This is what bugs me. This first round of the NBA playoffs has been widely regarded as the best in NBA history. There have been buzzer-beaters, overtime games, upsets of top seeds. Yet all people want to talk about are the insane rantings of an 80-year-old owner.
On Tuesday, recently appointed NBA commissioner Adam Silver banned the embattled LA Clippers owner for life. He also fined Sterling $2.5 million. It was a Bart Giamatti-Pete Rose moment. The words "banned for life" just stir those kind of emotions in people. Ooooo... "life!"
Pardon me if I don't feel bad for any party involved. $2.5 million to Donald Sterling is like $2.50 to you or me. If he sold the Clippers today (which he claims he won't do), he'll stand to profit over a half of a billion dollars. That's billion with a "b."
That was a nice moment the other night in Golden State when all the Clippers, in an act of defiance, went out to center court, took off their warm up jackets, and threw them down. How cute seeing millionaires rebelling.
What Donald Sterling said was wrong. You and I know that. I wouldn't go so far as Oprah Winfrey to scald Sterling that the "plantation days are over." That's insulting to slaves. I never heard of any slaves making $100 million, a la Chris Paul.
Silver said he would now seek to force Sterling to sell the Clippers. That's within his right. Major League Baseball forced Marge Schott to sell the Cincinnati Reds in the 1990s, in part, because she made racist comments covering the spectrum of minority groups.
Dallas Mavericks owner Mark Cuban warned, prior to the sentence being handed down, that forcing an owner to sell his team based on insensitive remarks or views could cause a "slippery slope." Get ready. You will be hearing that term a lot in the coming days from civil libertarians.
I agree. People like Sterling are abhorrent. They make me puke. What makes me puke even more (pardon the poor choice of words) is the idea that people like this rise to prominence in our society. But they do. Don't be so naive. They are all around. They are in positions of power in your schools. They are in your police stations. Most importantly and vile, they are in your legislatures.
These are the ones we should go after. These are the people we should vilify. These are the people that affect our life, directly. Strom Thurmond, perhaps the biggest racist Senator of all-time, was allowed to be the longest running Senator in U.S. history, serving from 1954 until his death at the age of 100 in 2003. Imagine some of the private conversations he must have had.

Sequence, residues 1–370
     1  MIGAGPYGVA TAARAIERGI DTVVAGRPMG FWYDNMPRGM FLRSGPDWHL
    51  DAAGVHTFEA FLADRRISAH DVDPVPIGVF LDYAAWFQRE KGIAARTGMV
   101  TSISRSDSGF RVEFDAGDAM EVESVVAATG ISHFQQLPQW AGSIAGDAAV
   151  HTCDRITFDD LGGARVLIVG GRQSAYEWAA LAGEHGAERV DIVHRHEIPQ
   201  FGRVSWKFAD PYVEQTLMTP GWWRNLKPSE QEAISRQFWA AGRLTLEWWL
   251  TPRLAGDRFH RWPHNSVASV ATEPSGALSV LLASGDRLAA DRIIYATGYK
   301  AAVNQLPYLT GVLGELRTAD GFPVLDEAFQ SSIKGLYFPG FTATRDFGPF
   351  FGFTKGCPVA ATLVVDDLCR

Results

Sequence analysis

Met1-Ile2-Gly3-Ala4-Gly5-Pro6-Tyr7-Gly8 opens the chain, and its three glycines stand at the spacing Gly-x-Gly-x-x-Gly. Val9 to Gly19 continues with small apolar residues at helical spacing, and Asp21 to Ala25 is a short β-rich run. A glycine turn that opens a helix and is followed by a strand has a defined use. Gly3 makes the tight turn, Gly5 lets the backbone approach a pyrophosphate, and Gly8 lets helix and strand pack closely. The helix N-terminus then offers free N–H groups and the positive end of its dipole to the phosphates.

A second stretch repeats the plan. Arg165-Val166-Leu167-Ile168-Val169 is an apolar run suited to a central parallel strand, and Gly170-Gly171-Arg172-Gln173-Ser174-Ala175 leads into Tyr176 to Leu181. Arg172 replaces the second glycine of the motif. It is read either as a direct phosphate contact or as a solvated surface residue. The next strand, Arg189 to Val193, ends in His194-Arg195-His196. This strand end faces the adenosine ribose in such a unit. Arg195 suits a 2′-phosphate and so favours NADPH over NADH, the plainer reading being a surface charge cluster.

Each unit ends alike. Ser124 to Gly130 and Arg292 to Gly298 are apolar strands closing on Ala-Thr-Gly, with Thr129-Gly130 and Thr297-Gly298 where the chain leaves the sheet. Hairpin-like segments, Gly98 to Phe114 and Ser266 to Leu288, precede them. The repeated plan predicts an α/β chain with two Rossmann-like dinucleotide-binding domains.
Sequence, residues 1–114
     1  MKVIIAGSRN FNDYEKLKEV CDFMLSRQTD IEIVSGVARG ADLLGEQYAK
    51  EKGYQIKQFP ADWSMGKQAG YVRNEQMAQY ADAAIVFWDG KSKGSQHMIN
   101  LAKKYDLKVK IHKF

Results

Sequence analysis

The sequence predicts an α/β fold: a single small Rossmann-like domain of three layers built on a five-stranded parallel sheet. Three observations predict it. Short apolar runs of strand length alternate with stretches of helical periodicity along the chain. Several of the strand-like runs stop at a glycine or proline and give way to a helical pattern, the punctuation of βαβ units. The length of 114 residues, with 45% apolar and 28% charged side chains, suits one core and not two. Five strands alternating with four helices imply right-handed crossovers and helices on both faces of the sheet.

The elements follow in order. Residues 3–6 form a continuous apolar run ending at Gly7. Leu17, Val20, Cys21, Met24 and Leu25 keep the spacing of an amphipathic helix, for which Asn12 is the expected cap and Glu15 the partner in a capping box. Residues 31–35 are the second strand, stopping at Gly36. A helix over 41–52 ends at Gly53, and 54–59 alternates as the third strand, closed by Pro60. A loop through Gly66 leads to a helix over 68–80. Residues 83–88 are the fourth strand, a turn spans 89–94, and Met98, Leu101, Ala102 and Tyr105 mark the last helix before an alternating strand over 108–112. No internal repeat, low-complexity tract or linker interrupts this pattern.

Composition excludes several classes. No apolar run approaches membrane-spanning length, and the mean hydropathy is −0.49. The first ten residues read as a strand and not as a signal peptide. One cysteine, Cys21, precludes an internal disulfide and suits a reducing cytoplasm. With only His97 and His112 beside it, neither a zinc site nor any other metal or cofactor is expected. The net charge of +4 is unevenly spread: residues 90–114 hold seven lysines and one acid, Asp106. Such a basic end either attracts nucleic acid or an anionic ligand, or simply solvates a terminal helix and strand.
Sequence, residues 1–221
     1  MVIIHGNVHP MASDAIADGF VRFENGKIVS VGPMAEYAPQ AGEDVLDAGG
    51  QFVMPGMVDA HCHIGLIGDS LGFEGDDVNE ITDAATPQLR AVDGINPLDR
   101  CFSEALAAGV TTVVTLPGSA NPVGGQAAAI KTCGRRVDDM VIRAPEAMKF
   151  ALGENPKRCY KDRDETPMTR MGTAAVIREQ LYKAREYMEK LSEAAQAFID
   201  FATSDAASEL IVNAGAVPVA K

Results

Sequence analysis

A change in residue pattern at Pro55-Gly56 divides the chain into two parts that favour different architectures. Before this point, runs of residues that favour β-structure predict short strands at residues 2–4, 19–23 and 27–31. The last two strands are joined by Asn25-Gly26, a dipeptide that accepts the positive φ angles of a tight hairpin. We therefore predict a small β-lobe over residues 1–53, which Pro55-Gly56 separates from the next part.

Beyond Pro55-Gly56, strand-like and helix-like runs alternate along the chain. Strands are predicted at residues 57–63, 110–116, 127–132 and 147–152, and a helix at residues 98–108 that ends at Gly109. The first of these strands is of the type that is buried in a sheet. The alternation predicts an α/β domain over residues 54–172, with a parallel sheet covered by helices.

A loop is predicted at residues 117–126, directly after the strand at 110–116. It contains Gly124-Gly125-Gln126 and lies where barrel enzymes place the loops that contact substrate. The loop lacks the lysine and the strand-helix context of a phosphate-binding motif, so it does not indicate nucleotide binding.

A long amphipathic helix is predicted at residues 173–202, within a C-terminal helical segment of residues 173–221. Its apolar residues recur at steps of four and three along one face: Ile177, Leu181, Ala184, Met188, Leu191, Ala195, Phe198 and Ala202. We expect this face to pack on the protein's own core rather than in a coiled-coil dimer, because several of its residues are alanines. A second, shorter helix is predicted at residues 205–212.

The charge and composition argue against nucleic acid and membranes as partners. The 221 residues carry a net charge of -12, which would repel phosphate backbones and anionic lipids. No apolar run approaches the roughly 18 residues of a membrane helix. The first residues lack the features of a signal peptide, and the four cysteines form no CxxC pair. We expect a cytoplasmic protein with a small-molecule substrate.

The NBA allowed Sterling to serve as owner of the Clippers for thirty-three years. There were rumors, hints, and innuendos about Sterling's leanings. Some weren't so subtle. He has been sued by the U.S. Department of Justice. He has also been sued by longtime Clippers' executive Elgin Baylor. Both charges involved raical discrimination. The NBA did nothing.
Now, based on private conversations which were made public, the NBA has brought down the hammer. It came late, but good for the NBA. Silver became a star with his performance during the press conference announcing Sterling's banishment from the NBA. It was a tour de force, and a defining moment, for the new commissioner.
But does the ruling set a dangerous precedent? Like Mark Cuban asked, has a slippery slope been established? Shaquille O'Neal, who is a minority owner in the Sacramento Kings, just this week posted a picture of himself mocking a disabled fan's selfie. Should O'Neal now be forced to sell his stake in the Kings?
What if some owner makes an off-the-cuff private disparaging remark, or uses a slur, in regards to gay people, Mexicans, women, or bald people (yes, me)? Where do we draw the line?
Players knew what Sterling was all about. That didn't stop them from cashing checks with his signature on it. Doc Rivers left a cushy job with the Boston Celtics to go to the Clippers. He even broke his contract here to force a trade to go there. Rivers then signed a three-year, $21 million contract with the Clippers. Now he is being portrayed as a beacon among the Clippers for those who stood up to Sterling in light of this controversy.
The story has taken on a life of its own. It has become bigger than Sterling. What started out as a private, dinner-table discussion between two people has turned into a referendum on racial relations in the United States. Oprah Winfrey, Al Sharpton, every NBA player, and even President Obama have all weighed in.
Meanwhile, the Clippers are having their best season ever. Sports are supposed to be an escape from everyday political rhetoric that happens. Can we, please, get back to that? I was enjoying the NBA playoffs prior to the Sterling audiotapes coming to light. Can I please get back to enjoying watching millionaire basketball players trying to win games for their billionaire owners?